COUDERSPORT – No, there is no one in green tights to be found in attendance.

And, for that matter, there are two chances – slim and none – that Russell Crowe or Sean Connery will make an appearance. Still, even without Robin Hood, a lot of men – and women and youth, for that matter – turn a portion of Potter County into their own version of Sherwood Forest every July at the Eastern Traditional Archery Rendezvous held at Denton Hill State Park.

This year's 21st annual ETAR will be held Thursday-Sunday, July 22-25, for those in the archery fraternity who prefer longbows and recurves over compounds. Last year, the event attracted more than 8,000 people and 100 dealers, including visitors from Australia, Europe and Korea.

In addition to the ETAR, two other archery events will also be held before the Saturday, Oct. 2, opening of Pennsylvania's statewide six-week bowhunting season.

This year's Potter County Bow Hunter Festival will be held Thursday-Sunday, Aug. 19-22, at Ski Denton Hill, and the Sawmill Mountain Bow Shoot will be held Friday-Sunday, Sept. 10-12, at Ski Sawmill, Morris.

This year's PCBHF courses are set out on more than 200 acres of State Forest Lands, and annually attracts an array of compound archery dealers, arrow makers and other vendors with items related to bowhunting. Events are held on seven courses that are comprised of approximately 180 targets that are set-up to practice realistic hunting scenarios.

Most of the courses are for fun shoots and practice, but for those interested in testing their skill against others can enter the Sharp Shooter Competition or the King of the Mountain course to win money and, or prizes. There is primitive camping and five log cabins at the shoot, and there is also lodging available nearby.

While not as large as the ETAR or PCBHF events, the SMBS offers nearly as many targets. Primitive camping and a 10-unit motel, including some with Jacuzzis, is available for on-site lodging.

Featured at this year's ETAR event is one of the most respected lineup of speakers ever to present seminars at the festival. Heading the list is author G. Fred Asbell, the president of Compton Traditional Archers, a past president of Pope and Young and a recent inductee in the Archery Hall of Fame.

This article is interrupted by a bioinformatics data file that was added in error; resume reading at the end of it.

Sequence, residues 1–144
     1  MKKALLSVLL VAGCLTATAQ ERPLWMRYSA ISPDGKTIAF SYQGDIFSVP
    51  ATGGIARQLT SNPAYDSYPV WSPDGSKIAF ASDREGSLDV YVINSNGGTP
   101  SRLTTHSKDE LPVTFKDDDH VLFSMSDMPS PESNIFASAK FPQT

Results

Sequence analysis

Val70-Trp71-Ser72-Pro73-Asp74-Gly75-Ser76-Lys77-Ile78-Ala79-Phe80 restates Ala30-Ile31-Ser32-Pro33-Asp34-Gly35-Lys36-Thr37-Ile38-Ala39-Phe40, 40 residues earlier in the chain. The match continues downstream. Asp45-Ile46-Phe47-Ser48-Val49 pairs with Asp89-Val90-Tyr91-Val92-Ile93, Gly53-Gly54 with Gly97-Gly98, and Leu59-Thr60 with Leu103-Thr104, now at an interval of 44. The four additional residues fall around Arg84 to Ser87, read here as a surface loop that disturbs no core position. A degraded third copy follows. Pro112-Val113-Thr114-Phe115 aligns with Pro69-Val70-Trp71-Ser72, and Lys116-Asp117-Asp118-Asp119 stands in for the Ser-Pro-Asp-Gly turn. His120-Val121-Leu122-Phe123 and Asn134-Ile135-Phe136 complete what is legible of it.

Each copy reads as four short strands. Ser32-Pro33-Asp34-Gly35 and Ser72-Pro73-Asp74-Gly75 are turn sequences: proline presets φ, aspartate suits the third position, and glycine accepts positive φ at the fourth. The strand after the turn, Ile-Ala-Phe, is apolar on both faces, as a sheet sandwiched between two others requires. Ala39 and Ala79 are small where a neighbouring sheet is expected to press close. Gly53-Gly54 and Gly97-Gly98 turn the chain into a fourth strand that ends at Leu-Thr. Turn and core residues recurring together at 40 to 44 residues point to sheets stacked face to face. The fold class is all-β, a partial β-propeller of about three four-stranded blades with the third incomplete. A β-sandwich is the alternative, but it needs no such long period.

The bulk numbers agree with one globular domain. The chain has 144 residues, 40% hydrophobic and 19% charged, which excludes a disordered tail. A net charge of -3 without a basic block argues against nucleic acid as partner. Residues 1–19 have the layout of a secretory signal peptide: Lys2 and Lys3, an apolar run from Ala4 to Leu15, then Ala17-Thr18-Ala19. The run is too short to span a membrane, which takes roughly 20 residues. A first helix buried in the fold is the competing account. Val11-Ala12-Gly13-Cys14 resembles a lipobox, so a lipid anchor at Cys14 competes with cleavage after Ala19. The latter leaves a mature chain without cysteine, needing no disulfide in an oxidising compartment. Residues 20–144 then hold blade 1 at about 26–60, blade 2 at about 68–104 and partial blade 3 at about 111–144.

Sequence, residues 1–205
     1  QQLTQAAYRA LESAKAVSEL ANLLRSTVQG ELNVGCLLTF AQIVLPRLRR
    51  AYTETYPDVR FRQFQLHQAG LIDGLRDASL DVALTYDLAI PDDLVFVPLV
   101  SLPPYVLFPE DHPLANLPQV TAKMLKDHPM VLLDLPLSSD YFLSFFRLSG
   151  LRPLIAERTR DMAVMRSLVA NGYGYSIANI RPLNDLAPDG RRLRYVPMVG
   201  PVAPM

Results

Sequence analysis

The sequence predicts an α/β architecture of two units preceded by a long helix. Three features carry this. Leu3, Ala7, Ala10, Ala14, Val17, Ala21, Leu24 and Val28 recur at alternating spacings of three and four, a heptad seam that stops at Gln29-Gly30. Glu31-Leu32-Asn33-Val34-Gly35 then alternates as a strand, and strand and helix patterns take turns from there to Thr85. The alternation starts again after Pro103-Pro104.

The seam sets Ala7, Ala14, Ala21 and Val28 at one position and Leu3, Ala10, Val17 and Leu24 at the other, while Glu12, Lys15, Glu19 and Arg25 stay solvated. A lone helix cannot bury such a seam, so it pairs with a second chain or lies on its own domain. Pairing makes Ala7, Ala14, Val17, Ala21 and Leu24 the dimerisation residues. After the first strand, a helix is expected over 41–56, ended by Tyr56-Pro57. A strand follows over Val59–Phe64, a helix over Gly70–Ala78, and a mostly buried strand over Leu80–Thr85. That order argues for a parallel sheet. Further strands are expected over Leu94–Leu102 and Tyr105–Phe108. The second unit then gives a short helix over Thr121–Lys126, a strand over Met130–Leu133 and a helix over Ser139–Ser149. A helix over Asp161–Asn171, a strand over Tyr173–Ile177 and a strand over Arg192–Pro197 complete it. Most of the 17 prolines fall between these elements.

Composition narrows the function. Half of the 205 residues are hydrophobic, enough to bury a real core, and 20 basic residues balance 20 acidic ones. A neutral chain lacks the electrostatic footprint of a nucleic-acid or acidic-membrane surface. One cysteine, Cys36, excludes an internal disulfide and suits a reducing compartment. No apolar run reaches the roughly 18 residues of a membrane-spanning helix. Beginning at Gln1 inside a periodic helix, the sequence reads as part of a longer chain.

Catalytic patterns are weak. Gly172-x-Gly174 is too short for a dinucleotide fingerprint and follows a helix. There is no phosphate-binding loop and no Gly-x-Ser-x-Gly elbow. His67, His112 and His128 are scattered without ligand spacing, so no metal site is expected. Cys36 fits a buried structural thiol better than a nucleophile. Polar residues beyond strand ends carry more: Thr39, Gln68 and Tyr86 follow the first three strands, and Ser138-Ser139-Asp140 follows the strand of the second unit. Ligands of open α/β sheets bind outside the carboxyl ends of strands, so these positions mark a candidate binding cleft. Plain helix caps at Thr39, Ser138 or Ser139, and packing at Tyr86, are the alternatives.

Asbell's seminar topic is "Advanced Instinctive Shooting: The Rest of the Story." He is a regular contributor to "Traditional Bowhunter" magazine.

Byron Ferguson and Mike Fedora are two of the other well-known traditional archers appearing at the festival.

A longbow legend, Ferguson will present his aerial and trick shooting demonstrations, and Fedora, who is a native Pennsylvanian and bowyer, will present the seminar "Point of Aim."

New to the ETAR will be continuous blacksmithing demonstrations and seminars on Korean Traditional Shooting by Kwak Yun-Sik, a 5th degree Master in Korean Traditional Archery.

Yun-Sik's attendance is sponsored by Great Tree Archery, which have some unique bows available for shooting after the seminar each day.

One of the goals of the ETAF is to promote traditional archery to youth, and there will be a special youth range, special seminars for youth and balloon shoots for youth.

Festival promoters said that equipment manufacturers and dealers come from 24 states and three countries have registered for this year's event.

They will have displays of bows, arrows, quivers, accessories and other traditional items – and all bowyers will have bows available for testing.

Another major draw of the ETAR is the 3-D field courses, and this year there will be at least eight courses of 200 targets over 700 acres in addition to the youth course. There will also be a special competition course, and three of the courses are accessible via the chairlift which operates daily.

Camping is primitive, although there is space for a limited number of motor homes. For those not planning to camp, food is available in the ski lodge, which also has shower service.

For more information on the three archery festivals, visit the Web site at www.archeryfestivals. com or call 814-435-6653.